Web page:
Light Pollution
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Light Pollution map for Lubbock and the surrounding area.

 Composite map (full-size)      Original image from the Clear Sky Clock.
Black = Excellent dark skies 
Blue = Dark - Levels visible in Milky Way
Green = Milky Way just visible
Yellow = Milky Way not visible
Red = Some bright stars visible
White = Only planets and moon visible 

I created these maps by merging a Map Point map with the light pollution image found at the Clear Sky Clock.  I got the idea for this map from this page, which is the originator of the scale that accompanies the CSC map.  Thanks to the angle of the orbital images, the light pollution image is not strictly to scale, but rather is compressed in height or width.  So you need to stretch and adjust the image to match the map.  The merging isn't too difficult, if you're familiar with Photoshop, but the adjustments in size or scale can be tedious.

So what does all this mean?  If you can see the street lamp from orbit or an airplane, this is light that serves no useful purpose and wastes light.  These maps show direct light visible from orbit and are a measure of wasted energy in our urban environment.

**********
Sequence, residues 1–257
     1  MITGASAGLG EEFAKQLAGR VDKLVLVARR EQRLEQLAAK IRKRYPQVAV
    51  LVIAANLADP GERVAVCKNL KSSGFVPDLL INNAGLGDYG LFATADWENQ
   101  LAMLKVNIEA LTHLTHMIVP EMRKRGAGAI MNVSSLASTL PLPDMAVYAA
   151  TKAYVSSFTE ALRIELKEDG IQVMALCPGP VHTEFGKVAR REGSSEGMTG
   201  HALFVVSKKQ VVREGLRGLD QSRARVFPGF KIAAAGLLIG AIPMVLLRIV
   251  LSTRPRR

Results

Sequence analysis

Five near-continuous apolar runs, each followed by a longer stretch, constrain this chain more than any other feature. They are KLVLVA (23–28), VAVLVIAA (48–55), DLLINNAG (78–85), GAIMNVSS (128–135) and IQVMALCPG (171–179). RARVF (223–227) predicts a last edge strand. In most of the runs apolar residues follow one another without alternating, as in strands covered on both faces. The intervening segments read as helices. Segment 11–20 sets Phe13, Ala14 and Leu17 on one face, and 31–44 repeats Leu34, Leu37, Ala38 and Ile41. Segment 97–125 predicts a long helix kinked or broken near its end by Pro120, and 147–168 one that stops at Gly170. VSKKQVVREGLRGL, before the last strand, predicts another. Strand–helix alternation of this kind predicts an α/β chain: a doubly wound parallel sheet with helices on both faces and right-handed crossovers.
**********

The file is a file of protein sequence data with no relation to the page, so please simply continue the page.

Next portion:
Where does this light originate?  Any light that's visible from a airplane or from orbit is wasted.  The primary source of this light is the security and street lighting fixtures with large glass globes:

Images from Choptank Electric

The light that goes upward or excessively outward is not useful and is simply wasted.  Worse, it can actually decrease the usefulness of the light by increasing the glare in the area.  The two most common lamps can be greatly improved with the addition of inexpensive reflector-shields:
Not only will these shields prevent light pollution, but they can also give significant energy savings.  Accorded to common statistics, the bad fixtures waste 30% or more of the produced light.  These shields would allow the owner to use a lower wattage lamp that would use less power to produce the same amount of light.